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Incidents are still occurring annually in the neighbourhood of Sweden where people risk injury from mustard agent. This largely involves fishermen who are exposed to mustard agent brought to the surface by fishing nets. The background is found in the dumping of chemical weapons after the Second World War in waters off the Danish and Swedish coasts. Many fishing ports in south Sweden and Denmark have resources to care for injured people and to decontaminate equipment contaminated by mustard agent. Certain resources are also available on the fishing vessels.Mustard agent is very simple to manufacture and can therefore be a "first choice" when a country decides to build up a capacity for chemical warfare.Apart from mustard agent, there are also several other closely related compounds which have been used as chemical weapons. During the 1930's, several reports were published on the synthesis of nitrogen mustard agent and its remarkable blistering effect. The mechanism of action and symptoms largely agree with those described for mustard agent. Germans and Americans started the military production of nitrogen mustard agent in 1941 and 1943, respectively, whereas the development in England was abandoned following an explosion. There is no verified use of nitrogen mustard agents as chemical weapons and their usefulness is restricted by these types of agents being unsuitable for storage.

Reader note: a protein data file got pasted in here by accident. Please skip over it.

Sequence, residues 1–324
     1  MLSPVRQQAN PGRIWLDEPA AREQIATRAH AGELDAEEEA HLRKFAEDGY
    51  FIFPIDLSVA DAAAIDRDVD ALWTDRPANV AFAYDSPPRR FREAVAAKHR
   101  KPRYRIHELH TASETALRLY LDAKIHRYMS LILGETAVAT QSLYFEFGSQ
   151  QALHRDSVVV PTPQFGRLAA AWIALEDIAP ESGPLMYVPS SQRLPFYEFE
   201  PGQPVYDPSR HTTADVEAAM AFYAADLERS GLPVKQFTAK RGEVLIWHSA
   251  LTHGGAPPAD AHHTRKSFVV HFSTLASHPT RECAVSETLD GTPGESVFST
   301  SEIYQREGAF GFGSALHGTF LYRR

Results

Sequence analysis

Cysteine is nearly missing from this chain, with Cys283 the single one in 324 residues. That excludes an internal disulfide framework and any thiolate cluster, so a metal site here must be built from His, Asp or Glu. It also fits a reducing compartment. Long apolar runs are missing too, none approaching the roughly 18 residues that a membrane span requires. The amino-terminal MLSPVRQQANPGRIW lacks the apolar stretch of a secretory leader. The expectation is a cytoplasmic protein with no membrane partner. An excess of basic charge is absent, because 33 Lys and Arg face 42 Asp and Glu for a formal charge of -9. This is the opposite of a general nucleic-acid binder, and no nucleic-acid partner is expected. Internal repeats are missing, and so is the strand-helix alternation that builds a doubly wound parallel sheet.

Tris(2-chloroethyl)ethylamine is the organic compound with the formula N(CH2CH2Cl)3. Often abbreviated HN3, it is a powerful blister agent and a so-called nitrogen mustard gas (it is not a gas) used for chemical warfare. HN-3 was the last of the nitrogen mustard agents developed. It was designed as a military agent and is the only one of the nitrogen mustards that is still used for military purposes. It is the principal representative of the nitrogen mustards because its vesicant properties are almost equal to those of HD.Mode of actionNitrogen mustards react via an initial cyclization to the corresponding iminium salt. The rate of this reaction is pH dependent because the protonated amine cannot cyclize.ApplicationsHN-3 has found some applications in chemotherapy, e.g. for Hodgkin's disease, but it is mainly of interest for its military uses and is the only one of these agents that remains anywhere as a military agent. These agents are more immediately toxic than the sulfur mustards.